Reviewed by Colin Jacobson (April 20, 2020)
Across their illustrious 35-year career as filmmakers, at no point did the Coen brothers create a sequel. When 2019’s The Jesus Rolls appeared on release schedules, it seemed that they changed their minds.
Nope. Although Rolls acts as a spin-off from 1998’s cult classic Big Lebowski, it seems that the Coens didn’t participate in the film at all beyond permission to use one of their characters.
Instead, actor John Turturro becomes the star of this show in all possible ways. A mix of Lebowski extension and remake of 1974’s Going Places, Turturro works as lead actor, screenwriter and director.
In Lebowski, we got to know Jesus Quintana (Turturro) as the lead character’s competitive nemesis. A former prison inmate because he exposed himself to a child, Jesus faced off against Jeff Lebowski and pals at the bowling alley.
Here Jesus gets out of the hoosegow, a place he resided for a variety of crimes. When he reunites with pal Pete Peterson, he immediately returns to his old ways, as they steal a car.
This leads Jesus and Pete on a minor journey, one that soon adds hairdresser Marie Ange (Audrey Tautou) to the mix. They go on a series of misadventures, criminal and otherwise.
If you read the review of Lebowski linked above, you’ll find it offers massive praise for the movie. You’ll also notice that I didn’t write that part of the discussion.
When I first saw Lebowski in 1998, it didn’t work for me. I came to like it more later, but I can’t claim I ever really embraced it. I prefer the Coens as dramatic filmmakers and think their comedies seem erratic.
However I might feel about Lebowski, though, it looks like a complete masterpiece compared to the utter disaster known as The Jesus Rolls. A nearly purposeless, direction-free tale, it obliterates any potential the title character boasted.
Rarely will one find a greater mismatch between a role as originally depicted and then “updated” as one discovers with the changes accorded Jesus between Lebowski and Rolls. To make sure I recalled Jesus from Lebowski correctly, I went back and rewatched his scenes from that film.
My memories proved correct, as the Lebowski character bears little resemblance to the Jesus of Rolls. Whereas the Lebowski version seemed arrogant, lewd and flamboyant, the Rolls Jesus just seems like Some Guy.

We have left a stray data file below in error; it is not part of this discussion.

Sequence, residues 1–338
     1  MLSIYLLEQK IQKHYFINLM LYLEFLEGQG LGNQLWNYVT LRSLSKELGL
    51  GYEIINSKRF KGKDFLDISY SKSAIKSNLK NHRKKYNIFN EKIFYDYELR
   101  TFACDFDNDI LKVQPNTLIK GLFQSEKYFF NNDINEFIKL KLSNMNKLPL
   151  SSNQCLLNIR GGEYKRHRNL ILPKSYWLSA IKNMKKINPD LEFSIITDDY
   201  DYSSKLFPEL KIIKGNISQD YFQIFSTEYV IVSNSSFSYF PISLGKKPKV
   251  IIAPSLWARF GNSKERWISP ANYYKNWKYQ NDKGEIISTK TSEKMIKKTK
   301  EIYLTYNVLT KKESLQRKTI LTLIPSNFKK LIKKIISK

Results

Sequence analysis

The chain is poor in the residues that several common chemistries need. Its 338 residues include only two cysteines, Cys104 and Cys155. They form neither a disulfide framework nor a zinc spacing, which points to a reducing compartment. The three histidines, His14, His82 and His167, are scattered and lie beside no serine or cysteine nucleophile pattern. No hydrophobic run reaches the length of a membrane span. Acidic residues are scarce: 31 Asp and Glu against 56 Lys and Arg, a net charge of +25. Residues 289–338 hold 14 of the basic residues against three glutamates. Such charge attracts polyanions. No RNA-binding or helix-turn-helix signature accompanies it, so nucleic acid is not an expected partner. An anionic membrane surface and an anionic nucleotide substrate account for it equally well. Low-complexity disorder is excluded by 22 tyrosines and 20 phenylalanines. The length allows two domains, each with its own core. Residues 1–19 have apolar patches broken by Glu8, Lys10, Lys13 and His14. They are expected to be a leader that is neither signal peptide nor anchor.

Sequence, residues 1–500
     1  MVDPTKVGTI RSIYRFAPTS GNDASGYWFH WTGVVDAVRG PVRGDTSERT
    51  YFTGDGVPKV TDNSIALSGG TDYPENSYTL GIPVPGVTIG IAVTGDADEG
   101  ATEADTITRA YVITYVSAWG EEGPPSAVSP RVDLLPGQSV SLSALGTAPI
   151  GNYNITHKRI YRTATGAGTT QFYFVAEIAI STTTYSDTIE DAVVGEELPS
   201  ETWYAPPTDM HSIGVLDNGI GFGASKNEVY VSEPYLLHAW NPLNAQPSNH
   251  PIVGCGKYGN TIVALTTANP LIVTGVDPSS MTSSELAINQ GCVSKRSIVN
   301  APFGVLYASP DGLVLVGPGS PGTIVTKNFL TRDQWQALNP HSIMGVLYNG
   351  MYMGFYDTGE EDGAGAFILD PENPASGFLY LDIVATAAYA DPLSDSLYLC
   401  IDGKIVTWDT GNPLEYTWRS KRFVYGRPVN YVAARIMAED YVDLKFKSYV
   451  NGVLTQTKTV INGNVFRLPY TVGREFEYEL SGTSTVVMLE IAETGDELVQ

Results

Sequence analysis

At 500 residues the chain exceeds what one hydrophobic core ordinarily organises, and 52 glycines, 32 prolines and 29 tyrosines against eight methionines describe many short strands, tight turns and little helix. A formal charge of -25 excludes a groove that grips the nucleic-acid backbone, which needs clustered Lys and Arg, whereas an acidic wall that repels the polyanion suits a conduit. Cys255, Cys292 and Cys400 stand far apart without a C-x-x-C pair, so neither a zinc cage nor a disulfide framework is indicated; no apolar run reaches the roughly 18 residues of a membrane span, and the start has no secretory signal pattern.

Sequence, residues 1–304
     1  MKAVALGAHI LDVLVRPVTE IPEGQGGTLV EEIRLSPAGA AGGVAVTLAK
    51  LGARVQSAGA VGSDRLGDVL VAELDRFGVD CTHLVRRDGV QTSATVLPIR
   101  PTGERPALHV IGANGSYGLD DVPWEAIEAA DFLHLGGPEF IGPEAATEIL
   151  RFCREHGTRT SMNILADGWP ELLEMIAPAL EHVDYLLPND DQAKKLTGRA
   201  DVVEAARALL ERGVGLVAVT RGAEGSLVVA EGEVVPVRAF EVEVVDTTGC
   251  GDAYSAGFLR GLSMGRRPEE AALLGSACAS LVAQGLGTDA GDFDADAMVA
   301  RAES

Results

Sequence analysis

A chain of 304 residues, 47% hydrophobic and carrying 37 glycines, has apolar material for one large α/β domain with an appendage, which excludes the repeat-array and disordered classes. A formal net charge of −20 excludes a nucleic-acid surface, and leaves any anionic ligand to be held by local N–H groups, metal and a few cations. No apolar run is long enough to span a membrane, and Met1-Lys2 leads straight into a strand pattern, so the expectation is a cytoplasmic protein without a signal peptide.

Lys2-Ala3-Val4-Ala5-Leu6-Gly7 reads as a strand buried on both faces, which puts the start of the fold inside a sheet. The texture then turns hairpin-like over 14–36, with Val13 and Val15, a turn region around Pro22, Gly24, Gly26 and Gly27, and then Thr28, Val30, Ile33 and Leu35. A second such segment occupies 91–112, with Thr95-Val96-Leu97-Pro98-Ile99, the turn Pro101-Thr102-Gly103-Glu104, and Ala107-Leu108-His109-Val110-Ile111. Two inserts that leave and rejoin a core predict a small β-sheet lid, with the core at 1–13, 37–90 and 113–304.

Sure, I understand that people change over time, so one can argue that Jesus circa 2019 should depart from the Jesus of 1998. However, we should still see some connection between the two, and that doesn’t happen, as the 2019 Jesus really seems like a wholly different character.
Turturro even neuters one of the Lebowski version’s vices. In that movie, we learn of Jesus’s perverted past, for he spent time in jail as a sex offender after he exposed himself to an eight-year-old kid.
Because Rolls brings us a gentler, cuddlier Jesus, that won’t stand. Turturro shows the “exposure” scene and makes sure we understand it was a misunderstanding in a public restroom, not an intentional act of depravity.
I get that Turturro probably felt squeamish about an attempt to construct a movie around a character with such an unsettling past. That said, why bother to make a film about Jesus at all if you plan to strip the character of all the traits and quirks that made him memorable from Lebowski?
I’d surmise Turturro posited Jesus as the lead of the movie because he really wanted to remake Going Places and figured he’d more easily obtain financing if he promoted it as a Lebowski spinoff. Honestly, the disconnect between the 1998 Jesus and the 2019 version leaves me with no other logical explanation, as I can find no purpose for the character’s resurrection otherwise.
Even if I ignore the extremely tenuous link between the lead character’s origins and his depiction here, Rolls remains a borderline unwatchable mess. Admission: I never saw Going Places, so I can’t determine how much of that film Turturro “borrowed” and how much he struck out on his own.
That said, I can sense the French sex farce roots of Rolls and discern how poorly Turturro adapts that milieu. Rolls abounds with wacky situations that would probably work in the hands of a different director, but he shows such a clumsy hand that he lacks the looseness to create a fun ride.
Really, Rolls offers little more than a random collection of criminal and sexual escapades, all executed by uncompelling characters. I will say that Turturro amasses a heck of a cast here, as Rolls abounds with real talent.
In addition to himself, Cannavale and Tautou, Turturro recruits Susan Sarandon, Jon Hamm, Sônia Braga, Christopher Walken, JB Smoove, Pete Davidson and Tim Blake Nelson, among others. While we get no one with Clooney or Jolie star power, this nonetheless becomes a high-powered cast, especially for a movie one presumes enjoyed a very low budget.
Not a single one of those actors manages to distinguish him or herself, and most overact relentlessly. This seems especially true of Tautou, as she crushes our fond memories of Amelie via her shrill, grating, overdone performance.
As implied, Turturro goes too far in the opposite direction. Perversely determined to eliminate all the creepy charisma he showed as Jesus in Lebowski, Turturro seems borderline comatose, as though he can barely muster the energy to deliver his lines.
All of this leads to a complete waste of time, as Rolls seems like a desperate attempt to give us a fun romp and not just a pointless collection of random scenes. Essentially a compendium of inane escapades with no purpose or charm, Rolls ends up as a genuinely terrible movie.